Mike: I read both books you mentioned, and I really dug them. Part of her allure, I guess, was that she was a woman who was drinking a lot and doing a lot of drugs and hooking up with dudes. That was the first time I read anything like that. It was a big deal to be a twentysomething dude and notice the double standard.

Jessie: Right. At the time when I first read her, I wasn’t there yet in my life.

It’s weird, because there’s still such a double standard. I had a friend maybe four or five years ago, I had written a piece that had something to do with sex and drugs—as a lot of my pieces do, I’m not gonna lie. She said, “If you were a dude, you’d be famous, based on the quality of your writing, and what you’re writing about.” It made me really happy, but it also made me sad. I’m not a dude! [laughs]

Although now I’m not sure even that if I was a dude writing what I write that I’d be famous. It’d probably be people going, “What a creep!” Maybe I’m saved in that regard.

Mike: She was unadorned, in a way. She wasn’t packaging herself. It never seemed calculated to me. Like Sid’s button: “I’m a mess.” I respected that about her. It’s been a weird time processing her death, and Neil Peart from Rush.

Jessie: Yeah, I’ve never been super into Rush, but my husband is. You understand where your friends or your partner is even if you’re not there yourself.

Mike: I think previously, certain aspects of pop culture—music or sitcoms or whatever—were nailed down to specific eras. And now I have students who are conversant in Gainesville emo. I’m like, “How the hell do you know this?”

Jessie: [laughs] That seems odd to me. Because of the internet, probably, it’s easier to go into rabbit holes, follow links. But I remember I was nineteen and in a college class and the sociology professor said something about typewriters. He wasn’t even that old. He was probably in his early to mid-thirties. It wasn’t like he was some really old guy. He said, “Probably no one in this class knows what a typewriter is.” I was there going, “I own five of them! Stop it!”

I think there have always been people who delved into the past, but it’s probably easier now.

Mike: When I teach, I ham up that typewriter thing you just talked about: “I don’t know if you guys know this or not, but there were these bound paper artifacts called books. It’s like when your Kindle is broken.” The kids understand I’m kidding, but there will be a point when they don’t know.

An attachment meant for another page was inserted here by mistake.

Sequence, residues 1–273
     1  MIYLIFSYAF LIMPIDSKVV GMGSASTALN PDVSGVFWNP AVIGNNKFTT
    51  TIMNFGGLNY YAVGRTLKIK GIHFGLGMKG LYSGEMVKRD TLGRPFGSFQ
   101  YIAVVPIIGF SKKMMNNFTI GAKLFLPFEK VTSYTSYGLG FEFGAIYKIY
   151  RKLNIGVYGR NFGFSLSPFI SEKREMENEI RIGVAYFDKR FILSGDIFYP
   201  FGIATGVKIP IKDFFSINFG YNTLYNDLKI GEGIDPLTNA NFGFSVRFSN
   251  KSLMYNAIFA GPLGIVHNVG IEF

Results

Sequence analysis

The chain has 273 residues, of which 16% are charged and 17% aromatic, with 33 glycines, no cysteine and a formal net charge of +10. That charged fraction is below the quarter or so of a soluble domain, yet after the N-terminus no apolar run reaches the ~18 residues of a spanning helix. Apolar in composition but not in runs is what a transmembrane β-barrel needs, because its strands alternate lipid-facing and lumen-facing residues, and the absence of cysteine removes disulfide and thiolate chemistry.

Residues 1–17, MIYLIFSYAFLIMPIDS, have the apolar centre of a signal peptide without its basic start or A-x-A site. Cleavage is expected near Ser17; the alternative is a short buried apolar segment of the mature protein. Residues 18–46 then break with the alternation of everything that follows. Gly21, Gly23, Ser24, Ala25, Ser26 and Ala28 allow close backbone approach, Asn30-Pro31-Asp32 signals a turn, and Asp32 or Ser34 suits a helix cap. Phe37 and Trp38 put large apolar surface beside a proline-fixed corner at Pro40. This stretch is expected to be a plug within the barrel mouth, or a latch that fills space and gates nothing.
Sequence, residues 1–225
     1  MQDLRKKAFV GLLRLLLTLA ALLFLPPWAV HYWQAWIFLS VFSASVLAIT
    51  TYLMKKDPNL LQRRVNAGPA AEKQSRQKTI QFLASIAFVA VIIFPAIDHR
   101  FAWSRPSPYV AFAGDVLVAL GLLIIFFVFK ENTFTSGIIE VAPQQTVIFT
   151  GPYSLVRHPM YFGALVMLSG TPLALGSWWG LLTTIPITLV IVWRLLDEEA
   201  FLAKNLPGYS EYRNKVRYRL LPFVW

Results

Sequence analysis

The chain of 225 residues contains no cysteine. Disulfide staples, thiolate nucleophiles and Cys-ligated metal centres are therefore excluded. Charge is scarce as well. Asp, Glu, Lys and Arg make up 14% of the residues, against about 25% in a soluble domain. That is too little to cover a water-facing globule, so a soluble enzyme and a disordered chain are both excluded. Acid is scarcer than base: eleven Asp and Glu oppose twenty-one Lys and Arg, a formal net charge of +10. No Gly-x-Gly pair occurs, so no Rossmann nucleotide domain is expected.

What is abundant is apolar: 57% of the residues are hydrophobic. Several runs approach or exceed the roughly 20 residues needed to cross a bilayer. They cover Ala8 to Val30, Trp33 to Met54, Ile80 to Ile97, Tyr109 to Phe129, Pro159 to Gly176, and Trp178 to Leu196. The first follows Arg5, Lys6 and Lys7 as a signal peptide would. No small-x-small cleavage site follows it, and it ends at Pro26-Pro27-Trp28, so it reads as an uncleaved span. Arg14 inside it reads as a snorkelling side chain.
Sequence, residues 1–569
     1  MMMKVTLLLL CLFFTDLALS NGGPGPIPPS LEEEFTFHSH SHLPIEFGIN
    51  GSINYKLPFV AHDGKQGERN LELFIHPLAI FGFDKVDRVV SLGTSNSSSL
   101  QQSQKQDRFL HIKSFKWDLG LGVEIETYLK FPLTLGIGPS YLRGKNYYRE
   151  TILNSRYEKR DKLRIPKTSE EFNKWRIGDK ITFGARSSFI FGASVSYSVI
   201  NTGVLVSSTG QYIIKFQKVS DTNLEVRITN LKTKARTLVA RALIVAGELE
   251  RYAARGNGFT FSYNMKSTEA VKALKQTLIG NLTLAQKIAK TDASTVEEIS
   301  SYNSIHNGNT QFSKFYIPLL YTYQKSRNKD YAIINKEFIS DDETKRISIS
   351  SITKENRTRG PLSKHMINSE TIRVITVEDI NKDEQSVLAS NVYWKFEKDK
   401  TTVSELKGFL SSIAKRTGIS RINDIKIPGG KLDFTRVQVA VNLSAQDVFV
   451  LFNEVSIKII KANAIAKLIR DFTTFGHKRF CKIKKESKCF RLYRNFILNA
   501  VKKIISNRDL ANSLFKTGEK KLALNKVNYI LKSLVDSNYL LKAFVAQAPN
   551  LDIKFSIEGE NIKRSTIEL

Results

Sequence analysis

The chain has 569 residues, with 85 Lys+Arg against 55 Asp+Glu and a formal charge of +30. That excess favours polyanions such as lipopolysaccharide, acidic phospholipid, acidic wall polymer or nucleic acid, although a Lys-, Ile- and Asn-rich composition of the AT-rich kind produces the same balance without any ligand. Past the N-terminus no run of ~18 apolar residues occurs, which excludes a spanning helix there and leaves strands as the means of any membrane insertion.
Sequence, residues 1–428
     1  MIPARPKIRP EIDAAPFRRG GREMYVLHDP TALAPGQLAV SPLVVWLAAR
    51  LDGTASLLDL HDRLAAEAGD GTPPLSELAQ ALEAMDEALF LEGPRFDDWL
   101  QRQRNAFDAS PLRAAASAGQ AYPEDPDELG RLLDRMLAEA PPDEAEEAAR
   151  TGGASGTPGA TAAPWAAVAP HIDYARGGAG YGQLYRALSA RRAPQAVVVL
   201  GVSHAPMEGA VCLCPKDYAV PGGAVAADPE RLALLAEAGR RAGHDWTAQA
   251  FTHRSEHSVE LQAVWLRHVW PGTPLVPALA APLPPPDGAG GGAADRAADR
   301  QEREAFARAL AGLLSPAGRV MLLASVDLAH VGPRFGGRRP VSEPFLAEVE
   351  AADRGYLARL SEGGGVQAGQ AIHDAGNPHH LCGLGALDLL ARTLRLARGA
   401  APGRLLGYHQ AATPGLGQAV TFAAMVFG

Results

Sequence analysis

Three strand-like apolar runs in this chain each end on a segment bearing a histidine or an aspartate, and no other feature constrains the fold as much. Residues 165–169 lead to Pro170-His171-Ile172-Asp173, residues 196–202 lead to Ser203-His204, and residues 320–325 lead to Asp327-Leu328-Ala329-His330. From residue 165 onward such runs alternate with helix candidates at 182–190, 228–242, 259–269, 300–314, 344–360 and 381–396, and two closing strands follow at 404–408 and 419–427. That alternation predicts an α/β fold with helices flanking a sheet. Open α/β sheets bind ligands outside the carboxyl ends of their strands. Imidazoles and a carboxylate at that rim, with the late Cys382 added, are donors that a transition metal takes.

Jessie: Right.

Mike: Speaking of bound paper artifacts, can you tell me about your Bone and Ink Press? And Reckless Chants?

Jessie: Bone and Ink Press—it was supposed to be more of a chapbook or zine publisher. At first I did everything in-house or at the local copy center. It was all very limited edition. Then I started taking submissions and grew to a more “real” press, albeit small. Now I have things printed professionally, and I have my authors sign contracts. That was never in the business plan. It just happened.

Reckless Chants is my main zine. It’s on issue 25 now.

Mike: Wow!

Jessie: It was called something different. I changed the name to Reckless Chants in 2012. Before that, it was called Sad and Beautiful World, which started in 2004. I had done other zines before that. It sounds like I had done a thousand issues of Reckless Chants, but I didn’t want to start over on number one like I had in the past.

Mike: When you hit a point where you had to push beyond the boundaries of standard punk small press, was there a younger version of yourself on your shoulder talking about what a sellout you were for having to do contracts?

Jessie: [laughs] Not so much. It’s actually more of a thing now where I got in too deep and I don’t think I can do all this. It’s still all just me. Now I have to keep going, at least for a while, or I’ll be letting down a bunch of authors. I’m not going to do that.

It’s still really indie. I don’t have ISBNs on books. I got scolded about it—not by one of the main authors I’m publishing, but by someone else. They were saying I’m limiting what my authors can do. That’s purely for financial reasons. But also, I think most of the people who submit stuff to the press know what they’re getting into if they’re at all familiar to it.

Mike: And the no barcodes thing certainly harkens back to the great Maximum Rock’n’roll review wars of the ’90s, too.

Jessie: I like to tell people I’m too punk for that shit, but it’s really because I can’t afford it.